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{ 2 comments… read them below or add one }

Jeff Diercks March 21, 2013 at 3:42 pm

The bible says that the “Rich rule over the poor, and the borrower is servant to the lender.” (Proverbs 3:28) The reasons you gave Kevin are all good for getting out of debt.

My wife and I realized another reason in 2011. It is because the Holy Spirit kept nudging us constantly to do so. After my wife confirmed this same sense of urgency, we took money out of our IRA (a big no no for a faith-based financial adviser) and paid off the rest of our mortgage.

Not one week later, I lost a client whose monthly fees where approximately the same size as the mortgage payment.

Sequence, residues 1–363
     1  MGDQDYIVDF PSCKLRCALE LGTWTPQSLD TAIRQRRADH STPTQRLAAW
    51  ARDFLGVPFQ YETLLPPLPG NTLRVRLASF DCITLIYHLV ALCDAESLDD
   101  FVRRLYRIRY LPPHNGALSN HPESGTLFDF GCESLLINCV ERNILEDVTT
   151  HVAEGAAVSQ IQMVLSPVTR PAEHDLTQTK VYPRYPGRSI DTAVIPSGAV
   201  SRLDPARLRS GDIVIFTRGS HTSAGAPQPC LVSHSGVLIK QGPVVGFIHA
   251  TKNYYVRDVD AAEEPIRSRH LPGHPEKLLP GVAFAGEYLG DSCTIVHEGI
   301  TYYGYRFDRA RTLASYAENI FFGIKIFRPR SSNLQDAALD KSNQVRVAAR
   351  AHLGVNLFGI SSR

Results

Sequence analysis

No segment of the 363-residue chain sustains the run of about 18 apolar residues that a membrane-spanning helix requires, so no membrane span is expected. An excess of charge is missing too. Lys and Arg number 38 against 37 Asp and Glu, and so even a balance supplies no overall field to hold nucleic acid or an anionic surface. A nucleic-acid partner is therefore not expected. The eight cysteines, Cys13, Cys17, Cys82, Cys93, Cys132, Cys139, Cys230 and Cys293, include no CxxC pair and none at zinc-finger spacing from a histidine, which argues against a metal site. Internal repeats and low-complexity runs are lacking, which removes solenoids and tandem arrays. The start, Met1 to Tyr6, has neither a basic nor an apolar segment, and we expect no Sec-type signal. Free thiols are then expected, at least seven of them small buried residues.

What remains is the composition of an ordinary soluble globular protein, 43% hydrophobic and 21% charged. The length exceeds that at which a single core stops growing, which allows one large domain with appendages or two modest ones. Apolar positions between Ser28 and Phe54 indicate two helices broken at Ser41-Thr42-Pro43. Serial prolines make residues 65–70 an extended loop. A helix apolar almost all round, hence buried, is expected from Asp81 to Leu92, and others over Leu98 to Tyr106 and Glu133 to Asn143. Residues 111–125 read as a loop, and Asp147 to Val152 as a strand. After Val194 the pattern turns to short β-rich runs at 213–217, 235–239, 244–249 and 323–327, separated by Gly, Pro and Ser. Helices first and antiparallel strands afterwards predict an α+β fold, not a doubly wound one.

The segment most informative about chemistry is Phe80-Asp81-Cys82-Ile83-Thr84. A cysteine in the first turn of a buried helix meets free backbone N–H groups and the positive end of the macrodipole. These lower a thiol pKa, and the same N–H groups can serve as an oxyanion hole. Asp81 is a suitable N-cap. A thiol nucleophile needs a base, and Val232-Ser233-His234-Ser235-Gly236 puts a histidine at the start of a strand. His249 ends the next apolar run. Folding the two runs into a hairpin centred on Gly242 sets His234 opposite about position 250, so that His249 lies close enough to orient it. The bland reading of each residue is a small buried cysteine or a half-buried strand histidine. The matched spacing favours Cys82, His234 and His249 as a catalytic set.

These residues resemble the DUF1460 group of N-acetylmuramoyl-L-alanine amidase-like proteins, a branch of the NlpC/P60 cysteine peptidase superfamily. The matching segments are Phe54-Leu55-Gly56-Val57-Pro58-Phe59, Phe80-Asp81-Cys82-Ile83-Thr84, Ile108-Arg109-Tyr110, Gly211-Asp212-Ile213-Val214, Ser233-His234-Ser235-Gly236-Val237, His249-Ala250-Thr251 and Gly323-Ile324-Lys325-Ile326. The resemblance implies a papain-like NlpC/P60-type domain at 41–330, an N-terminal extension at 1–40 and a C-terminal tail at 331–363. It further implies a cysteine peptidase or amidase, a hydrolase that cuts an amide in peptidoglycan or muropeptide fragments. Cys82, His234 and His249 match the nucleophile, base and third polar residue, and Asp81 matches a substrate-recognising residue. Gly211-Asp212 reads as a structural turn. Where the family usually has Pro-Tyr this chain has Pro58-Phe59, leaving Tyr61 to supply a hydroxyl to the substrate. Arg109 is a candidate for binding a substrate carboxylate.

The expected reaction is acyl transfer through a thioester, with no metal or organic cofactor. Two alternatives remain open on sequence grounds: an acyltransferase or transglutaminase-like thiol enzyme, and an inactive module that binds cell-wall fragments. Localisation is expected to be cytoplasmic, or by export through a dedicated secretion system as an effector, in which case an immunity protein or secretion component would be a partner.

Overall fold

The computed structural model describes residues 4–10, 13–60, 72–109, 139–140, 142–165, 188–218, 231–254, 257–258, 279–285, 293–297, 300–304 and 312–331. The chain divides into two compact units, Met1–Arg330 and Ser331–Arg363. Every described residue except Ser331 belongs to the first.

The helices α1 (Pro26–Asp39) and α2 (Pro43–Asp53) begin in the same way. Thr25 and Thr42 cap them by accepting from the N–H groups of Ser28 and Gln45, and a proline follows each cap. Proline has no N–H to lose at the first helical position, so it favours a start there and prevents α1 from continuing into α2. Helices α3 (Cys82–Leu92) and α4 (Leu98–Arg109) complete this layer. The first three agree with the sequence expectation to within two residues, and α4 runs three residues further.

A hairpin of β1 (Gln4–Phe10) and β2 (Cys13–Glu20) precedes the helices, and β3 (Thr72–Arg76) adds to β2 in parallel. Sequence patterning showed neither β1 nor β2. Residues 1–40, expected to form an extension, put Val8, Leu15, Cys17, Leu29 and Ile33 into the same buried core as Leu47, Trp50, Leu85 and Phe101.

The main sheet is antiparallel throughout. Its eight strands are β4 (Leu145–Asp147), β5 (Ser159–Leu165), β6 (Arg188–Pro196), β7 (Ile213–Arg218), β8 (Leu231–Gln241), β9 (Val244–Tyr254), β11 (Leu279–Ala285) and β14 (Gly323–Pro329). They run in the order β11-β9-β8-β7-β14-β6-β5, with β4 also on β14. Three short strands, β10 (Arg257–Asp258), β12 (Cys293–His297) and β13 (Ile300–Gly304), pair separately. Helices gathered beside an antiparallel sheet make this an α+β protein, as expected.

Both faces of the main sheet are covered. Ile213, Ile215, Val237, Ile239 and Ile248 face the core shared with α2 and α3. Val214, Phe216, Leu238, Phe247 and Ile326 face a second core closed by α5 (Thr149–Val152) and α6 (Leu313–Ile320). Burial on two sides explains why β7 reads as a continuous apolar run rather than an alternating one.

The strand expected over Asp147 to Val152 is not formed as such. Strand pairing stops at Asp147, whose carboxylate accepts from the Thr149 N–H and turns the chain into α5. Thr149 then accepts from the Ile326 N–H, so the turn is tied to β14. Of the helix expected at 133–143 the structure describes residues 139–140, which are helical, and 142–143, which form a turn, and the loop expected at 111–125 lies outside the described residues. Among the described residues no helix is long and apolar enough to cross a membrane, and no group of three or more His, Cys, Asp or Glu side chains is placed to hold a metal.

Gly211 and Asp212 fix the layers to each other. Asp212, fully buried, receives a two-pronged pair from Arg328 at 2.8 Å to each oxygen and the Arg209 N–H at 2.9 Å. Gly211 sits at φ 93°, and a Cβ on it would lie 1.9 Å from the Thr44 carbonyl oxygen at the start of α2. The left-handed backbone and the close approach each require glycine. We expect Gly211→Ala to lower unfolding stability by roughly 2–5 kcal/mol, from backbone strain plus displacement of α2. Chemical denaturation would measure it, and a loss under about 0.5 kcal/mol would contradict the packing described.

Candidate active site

Now my wife and I are completely debt free and it’s a great feeling. I would encourage your readers to decide to get debt free too. It just takes some sacrifice and a little effort, it is not hard over time.

Btw…you don’t have to have market worries with (1) the right investment strategy and (2) if you realize it is all God’s anyways. He truly wants us to live one day at a time, dependent on him anyways. We sometimes plan too much which creates worry and distrust in him.

Kevin M May 2, 2013 at 1:13 pm

Hi Jeff–I’m not sure if it’s any bigger a no-no for a faith based advisor than for a secular one, the opinions against it are pretty universal. But we always have to remember that God is not bound by our rules, only we are.

I also think that as believers, one of our “missions” is to travel through life free of financial entanglements to the best of each of our abilities. That isn’t to say that we should go through life poor, swearing off finances entirely. But I do think we need to avoid time- and soul-draining financial complications, such as juggling large investment positions and large debts at the same time. Each is a distraction, and the combination of two is…very distracting.